Your new movie Pernicious
- in a few words, what is it about, and what can you tell us about your
character in it?
three girls who travel to Thailand to teach kids. In
the house they find a statue of a little girl, and the morning after their
first night out in the city, things take a turn for the worse. My
character Rachel is the bossy and outspoken one, she's the first one to
make plans and is usually seen as the leader of the group.
What did you draw upon to bring your
character to life, and how much of Jackie Moore can we find in Rachel?
noticed a lot of Rachel's dialogue sounded like stuff I would say,
and I liked that the character had depth and a backstory that I could
connect to. I felt that this was not just a typical horror story, and
in the film you learn quickly that Rachel and Alex lost their mother, so
Rachel became a second mom to Alex. I am also an older sibling, and
am very protective of my little sister, Noel, so I could relate to that.
did you get involved with the project in the first place?
got an email from one of the producers about coming in to read for the
part, I read the script and completely fell in love with it. The character
I actually chose to read for first was Julia, but when James had me read
for Rachel I totally connected to her. After that it was pretty quick,
they called me back in and said, would you be willing to go to Thailand to
shoot this for a month? I was so happy, and grateful. I still can't
believe I got to do it.
what extent could you identify with the film's horror theme, and is horror
a genre at all dear to you, and why (not)?
LOVE horror films. I have been obsessed with the genre since I was little
and saw The Sixth Sense. Anything involving ghosts and mysteries
is intriguing to me. I love Saw,
Paranormal Activity, Let the Right
One In, The Shining,
Audition (even though I had to close my eyes for a
lot of it), House of a Thousand
Corpses... ahhh so many, seriously, if
there's a horror film out I want to see it.
What can you
tell us about your director James Cullen Bressack [James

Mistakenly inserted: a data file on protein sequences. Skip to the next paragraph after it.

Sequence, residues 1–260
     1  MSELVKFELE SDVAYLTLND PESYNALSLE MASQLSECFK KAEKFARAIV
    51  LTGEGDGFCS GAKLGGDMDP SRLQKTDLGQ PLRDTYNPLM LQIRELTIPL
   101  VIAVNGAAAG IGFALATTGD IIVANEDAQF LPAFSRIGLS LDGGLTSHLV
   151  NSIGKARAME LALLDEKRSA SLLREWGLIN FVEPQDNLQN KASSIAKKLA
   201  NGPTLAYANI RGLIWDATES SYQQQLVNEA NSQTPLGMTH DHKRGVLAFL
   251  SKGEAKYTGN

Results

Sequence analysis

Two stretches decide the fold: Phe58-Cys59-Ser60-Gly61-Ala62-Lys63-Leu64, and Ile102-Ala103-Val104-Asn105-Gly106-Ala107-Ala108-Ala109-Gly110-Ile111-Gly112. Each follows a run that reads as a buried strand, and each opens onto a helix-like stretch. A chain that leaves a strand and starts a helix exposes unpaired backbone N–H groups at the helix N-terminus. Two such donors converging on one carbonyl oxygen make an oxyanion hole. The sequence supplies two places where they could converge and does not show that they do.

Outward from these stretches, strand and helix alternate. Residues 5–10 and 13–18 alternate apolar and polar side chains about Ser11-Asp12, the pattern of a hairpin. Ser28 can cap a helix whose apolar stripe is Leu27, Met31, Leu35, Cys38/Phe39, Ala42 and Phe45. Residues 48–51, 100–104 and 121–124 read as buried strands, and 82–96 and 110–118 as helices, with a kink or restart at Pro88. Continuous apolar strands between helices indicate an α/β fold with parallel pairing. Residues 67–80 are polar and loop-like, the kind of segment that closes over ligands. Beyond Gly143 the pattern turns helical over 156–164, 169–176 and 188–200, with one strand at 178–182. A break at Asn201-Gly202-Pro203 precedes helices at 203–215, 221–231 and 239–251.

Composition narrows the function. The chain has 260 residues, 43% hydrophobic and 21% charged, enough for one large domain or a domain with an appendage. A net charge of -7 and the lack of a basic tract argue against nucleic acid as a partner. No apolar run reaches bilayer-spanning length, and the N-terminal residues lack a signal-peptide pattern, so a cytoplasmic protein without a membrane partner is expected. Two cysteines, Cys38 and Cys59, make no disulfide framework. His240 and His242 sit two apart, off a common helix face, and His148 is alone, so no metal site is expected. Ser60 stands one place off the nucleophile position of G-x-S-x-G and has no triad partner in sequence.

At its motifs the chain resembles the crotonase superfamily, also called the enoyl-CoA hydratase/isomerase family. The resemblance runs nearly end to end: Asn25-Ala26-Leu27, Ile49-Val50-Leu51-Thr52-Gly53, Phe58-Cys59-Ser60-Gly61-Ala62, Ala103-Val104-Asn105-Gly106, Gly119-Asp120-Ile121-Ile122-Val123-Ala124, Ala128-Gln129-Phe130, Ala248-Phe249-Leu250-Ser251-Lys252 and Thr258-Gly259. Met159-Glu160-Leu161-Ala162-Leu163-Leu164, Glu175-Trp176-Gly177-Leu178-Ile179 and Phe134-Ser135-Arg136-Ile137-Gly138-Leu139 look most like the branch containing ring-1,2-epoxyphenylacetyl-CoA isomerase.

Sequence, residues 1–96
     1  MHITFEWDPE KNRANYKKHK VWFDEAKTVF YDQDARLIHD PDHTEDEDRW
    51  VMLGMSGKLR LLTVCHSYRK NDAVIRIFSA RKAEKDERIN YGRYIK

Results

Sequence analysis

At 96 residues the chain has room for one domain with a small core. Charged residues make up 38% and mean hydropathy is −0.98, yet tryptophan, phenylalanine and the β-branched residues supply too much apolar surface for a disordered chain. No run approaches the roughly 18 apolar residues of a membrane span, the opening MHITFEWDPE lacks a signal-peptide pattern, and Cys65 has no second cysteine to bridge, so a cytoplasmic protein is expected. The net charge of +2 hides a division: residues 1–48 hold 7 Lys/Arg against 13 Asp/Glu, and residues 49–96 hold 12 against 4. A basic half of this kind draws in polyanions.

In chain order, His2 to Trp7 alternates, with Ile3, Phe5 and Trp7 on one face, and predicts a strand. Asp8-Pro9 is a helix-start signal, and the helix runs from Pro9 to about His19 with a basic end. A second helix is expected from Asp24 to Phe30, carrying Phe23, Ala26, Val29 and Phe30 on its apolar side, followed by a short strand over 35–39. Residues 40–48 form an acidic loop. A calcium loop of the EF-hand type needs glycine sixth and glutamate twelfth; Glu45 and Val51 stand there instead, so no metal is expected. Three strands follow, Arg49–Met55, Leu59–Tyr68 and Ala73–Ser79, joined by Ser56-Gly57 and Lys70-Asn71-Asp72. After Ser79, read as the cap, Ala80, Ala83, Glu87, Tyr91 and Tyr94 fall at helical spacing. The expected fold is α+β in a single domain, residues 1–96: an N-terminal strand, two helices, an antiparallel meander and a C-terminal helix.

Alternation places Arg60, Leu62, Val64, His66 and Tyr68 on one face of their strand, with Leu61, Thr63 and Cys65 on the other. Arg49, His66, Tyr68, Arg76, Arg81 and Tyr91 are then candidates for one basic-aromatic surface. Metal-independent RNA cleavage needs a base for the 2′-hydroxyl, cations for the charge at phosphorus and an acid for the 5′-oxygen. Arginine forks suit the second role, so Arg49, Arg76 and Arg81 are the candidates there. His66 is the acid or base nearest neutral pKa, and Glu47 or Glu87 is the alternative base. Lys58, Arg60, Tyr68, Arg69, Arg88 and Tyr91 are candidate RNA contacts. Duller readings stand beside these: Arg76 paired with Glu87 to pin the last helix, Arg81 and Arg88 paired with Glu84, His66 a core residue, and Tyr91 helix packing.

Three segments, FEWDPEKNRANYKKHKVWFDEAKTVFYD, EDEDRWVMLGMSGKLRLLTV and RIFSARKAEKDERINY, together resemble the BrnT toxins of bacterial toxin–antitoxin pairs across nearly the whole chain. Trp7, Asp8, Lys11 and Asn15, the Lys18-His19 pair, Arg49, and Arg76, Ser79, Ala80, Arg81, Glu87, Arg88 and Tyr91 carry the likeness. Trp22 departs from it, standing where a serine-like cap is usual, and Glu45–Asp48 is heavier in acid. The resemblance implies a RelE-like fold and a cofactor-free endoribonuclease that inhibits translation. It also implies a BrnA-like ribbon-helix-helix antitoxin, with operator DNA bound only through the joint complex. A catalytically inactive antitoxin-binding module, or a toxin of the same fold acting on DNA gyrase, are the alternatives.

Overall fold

Cullen Bressack interview - click here], and what was your
James understands the characters he
writes so well, and always has an answer immediately if you have a
question about the script. He is also a very sweet, genuine person and
cares about the people he works with and what he's doing. When there's a
challenging scene, he's very good at connecting you to the specific
emotion that you need to bring in that moment, and he calls you out when
you're half ass-ing it. That's something that a lot of directors don't do,
he's not afraid to get real, and I loved him for that.
was filmed in Thailand - what were the challenges here? And how does it
compare to filming in the USA?
The rain. We shot this in
the fall of last year, which is the rainy season, so there were a few days
that were literally monsoons. I remember looking out of the makeup
trailer, and it was like someone was pouring gallons of water on the
windows it was so heavy. At the beginning of the shoot the house we
were filming at was in the middle of a dry field, and by the end we were
taking a boat to the front porch. It was crazy, but honestly one of the
happiest times of my life. It was also freeing to have very little cell
service and internet. I was able to live in the present without the
restraints of modern technology. I absolutely LOVED Thailand, I would go
back right now if I could. I also want to add that holding a baby
tiger is a life changing experience, and one of the highlights of my
Jackie, Ciara Hanna, James Cullen Bressack,
What can you tell us about
the shoot as such, and the on-set atmosphere?
It was great.
We arrived to set every morning around 5am and everyone ate breakfast
together (there were Thai and American choices). Then we went to hair and
makeup and got ready for the day. Ciara Hanna [Ciara
Hanna interview - click here] and Emily O'Brien are the coolest
girls ever and we got along really well. By the end of filming we had so
many inside jokes between the three of us, and became really close. James,
Daemon, Rachvin, Kulthep, and all the producers, crew and special effects
team were the sweetest, most down to earth people, and were always
there for us every step of the way. They went above and beyond to
make it a memorable experience, and I can't thank them enough. It was
a special time in my life that I will never forget.
projects you'd like to share?
I'm playing lead characters
in some cool indie films coming out this year, Student Bodies, It's Gawd,
Deadly Famous, and School's
Out. I also shot a pilot for HBO,
Westworld directed by
Jonathan Nolan, and was involved in one of the shorts in Project
Greenlight. Those are premiering this year as well, and I'm very excited
What got you into acting
in the first place, and did you receive any formal education on the
Since I was little I actually wanted to be a
director, I used to have my sister and the kids in the neighborhood act in
plays that I would write and direct. I took voice lessons for nine years,
and studied acting in New Jersey at the Phoenix School of Fine Arts. When
I was in high school I took chorus and drama classes. When I started
modeling in NYC, I auditioned for some projects, did some extra work, got